How we supported Elly
When Elly first came to visit us, she was very anxious. After years in an abusive marriage, she had finally got divorced. She had given her husband multiple chances to redeem himself, even after going into a refuge. Every time he appeared to have changed, but would eventually show his dark, true colours. Elly and her children have all been affected by the abuse. When they divorced, she thought she and her children were finally able to continue their lives without him.
But now he has brought her to court, claiming he is entitled to a share of her properties. When she was informed by the court that her ex-husband had applied for a financial settlement, she ‘didn't have a clue what to do’.
As a lay person, she found it very difficult to understand documents from the court, and didn’t know what to do next. Our volunteers helped her make sense of the documents, by putting words into basic English. We also helped her express her thoughts in a clear, organised way - Elly stresses how important this was for her, as she is dyslexic.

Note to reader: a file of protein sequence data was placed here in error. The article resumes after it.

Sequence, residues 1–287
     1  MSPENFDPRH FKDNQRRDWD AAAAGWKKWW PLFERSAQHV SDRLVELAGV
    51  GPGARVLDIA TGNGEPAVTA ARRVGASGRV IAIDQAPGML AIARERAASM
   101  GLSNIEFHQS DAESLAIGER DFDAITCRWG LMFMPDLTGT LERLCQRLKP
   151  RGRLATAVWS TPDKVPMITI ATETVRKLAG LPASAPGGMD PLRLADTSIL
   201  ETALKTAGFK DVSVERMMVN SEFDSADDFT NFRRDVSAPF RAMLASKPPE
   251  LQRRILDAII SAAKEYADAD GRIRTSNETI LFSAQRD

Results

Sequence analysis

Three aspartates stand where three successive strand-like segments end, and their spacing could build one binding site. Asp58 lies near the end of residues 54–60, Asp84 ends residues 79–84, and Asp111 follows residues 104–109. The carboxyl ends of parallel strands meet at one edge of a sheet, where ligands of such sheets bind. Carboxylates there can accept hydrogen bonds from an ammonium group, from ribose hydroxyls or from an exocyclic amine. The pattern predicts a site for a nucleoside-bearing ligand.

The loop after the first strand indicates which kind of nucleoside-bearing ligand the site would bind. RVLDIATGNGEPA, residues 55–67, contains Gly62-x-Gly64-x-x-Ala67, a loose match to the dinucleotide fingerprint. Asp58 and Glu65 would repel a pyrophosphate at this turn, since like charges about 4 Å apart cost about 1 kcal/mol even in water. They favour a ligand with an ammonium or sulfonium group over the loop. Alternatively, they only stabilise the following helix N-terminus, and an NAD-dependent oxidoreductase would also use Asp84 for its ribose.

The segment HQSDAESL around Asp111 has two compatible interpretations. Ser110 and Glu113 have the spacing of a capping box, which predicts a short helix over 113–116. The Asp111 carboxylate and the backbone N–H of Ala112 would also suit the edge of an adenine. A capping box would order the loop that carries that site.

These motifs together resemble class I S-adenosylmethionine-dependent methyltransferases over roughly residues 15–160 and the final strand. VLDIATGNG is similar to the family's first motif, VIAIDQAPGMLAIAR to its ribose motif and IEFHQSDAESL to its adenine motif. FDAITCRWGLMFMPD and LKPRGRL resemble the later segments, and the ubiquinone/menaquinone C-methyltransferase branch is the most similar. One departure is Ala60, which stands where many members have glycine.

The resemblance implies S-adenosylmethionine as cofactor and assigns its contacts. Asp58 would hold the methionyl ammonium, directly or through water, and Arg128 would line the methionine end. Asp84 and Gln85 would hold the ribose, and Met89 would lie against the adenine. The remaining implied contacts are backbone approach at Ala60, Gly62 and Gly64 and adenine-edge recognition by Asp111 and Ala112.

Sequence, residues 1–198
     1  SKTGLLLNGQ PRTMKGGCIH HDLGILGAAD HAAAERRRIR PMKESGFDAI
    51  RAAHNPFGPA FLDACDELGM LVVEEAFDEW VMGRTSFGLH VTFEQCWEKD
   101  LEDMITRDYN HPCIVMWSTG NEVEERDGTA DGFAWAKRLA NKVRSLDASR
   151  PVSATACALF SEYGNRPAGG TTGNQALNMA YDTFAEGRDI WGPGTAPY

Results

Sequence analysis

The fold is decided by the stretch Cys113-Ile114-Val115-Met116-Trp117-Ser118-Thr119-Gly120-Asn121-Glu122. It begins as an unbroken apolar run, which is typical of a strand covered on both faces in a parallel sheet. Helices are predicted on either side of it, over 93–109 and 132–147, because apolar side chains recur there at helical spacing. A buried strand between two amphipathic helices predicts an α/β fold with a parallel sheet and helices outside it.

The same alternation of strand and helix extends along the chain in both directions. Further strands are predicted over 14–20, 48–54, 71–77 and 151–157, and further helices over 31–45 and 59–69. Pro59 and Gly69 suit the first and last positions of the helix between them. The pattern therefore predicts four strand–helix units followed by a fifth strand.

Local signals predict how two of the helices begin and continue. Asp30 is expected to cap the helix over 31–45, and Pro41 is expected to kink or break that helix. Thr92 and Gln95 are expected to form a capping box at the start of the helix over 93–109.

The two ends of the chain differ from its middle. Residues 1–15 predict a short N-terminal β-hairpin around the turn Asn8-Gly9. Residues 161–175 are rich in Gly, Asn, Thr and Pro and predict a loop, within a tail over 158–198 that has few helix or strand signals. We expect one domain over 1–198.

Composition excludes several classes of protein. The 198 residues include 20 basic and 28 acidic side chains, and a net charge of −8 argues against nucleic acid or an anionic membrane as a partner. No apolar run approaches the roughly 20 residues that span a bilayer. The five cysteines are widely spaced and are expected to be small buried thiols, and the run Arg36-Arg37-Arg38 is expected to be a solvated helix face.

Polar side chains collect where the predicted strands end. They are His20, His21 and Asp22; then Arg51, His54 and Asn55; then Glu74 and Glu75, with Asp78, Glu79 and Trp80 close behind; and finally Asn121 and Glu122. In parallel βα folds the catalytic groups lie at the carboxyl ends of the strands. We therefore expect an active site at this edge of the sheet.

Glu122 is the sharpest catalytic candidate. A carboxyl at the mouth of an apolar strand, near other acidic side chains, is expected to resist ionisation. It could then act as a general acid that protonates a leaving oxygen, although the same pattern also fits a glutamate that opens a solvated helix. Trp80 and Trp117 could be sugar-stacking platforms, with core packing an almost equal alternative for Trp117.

At times it was all very overwhelming. For a while, she struggled with suicidal feelings, and found it hard to get out of bed because she was so depressed. She found the strength to come to Support Through Court, and says ‘Support Through Court gave me a lot of guidance and hope’.
As the court date came closer, one of our volunteers referred her to the Safe Spaces Project solicitor for legal advice on how to prepare for her hearing, which she found very helpful: ‘She was very detailed over the phone, she understood my situation very well, and she put everything in writing’. The solicitor, she adds, used very simple language when giving her legal advice, which helped her understand what to do next.
Since then, Elly has come back to us for more support: she believes that Support Through Court’s volunteers save lives by showing kindness.
We also referred her to Advocate to get legal representation and she now has a barrister for her case, whom she is working with to get justice for herself and her children. She also managed to arrange counselling for herself. Sometimes it still gets too much, but thanks to the help she received from us and the Safe Spaces project she says she ‘came out very positive and stronger’.
* Name changed to protect client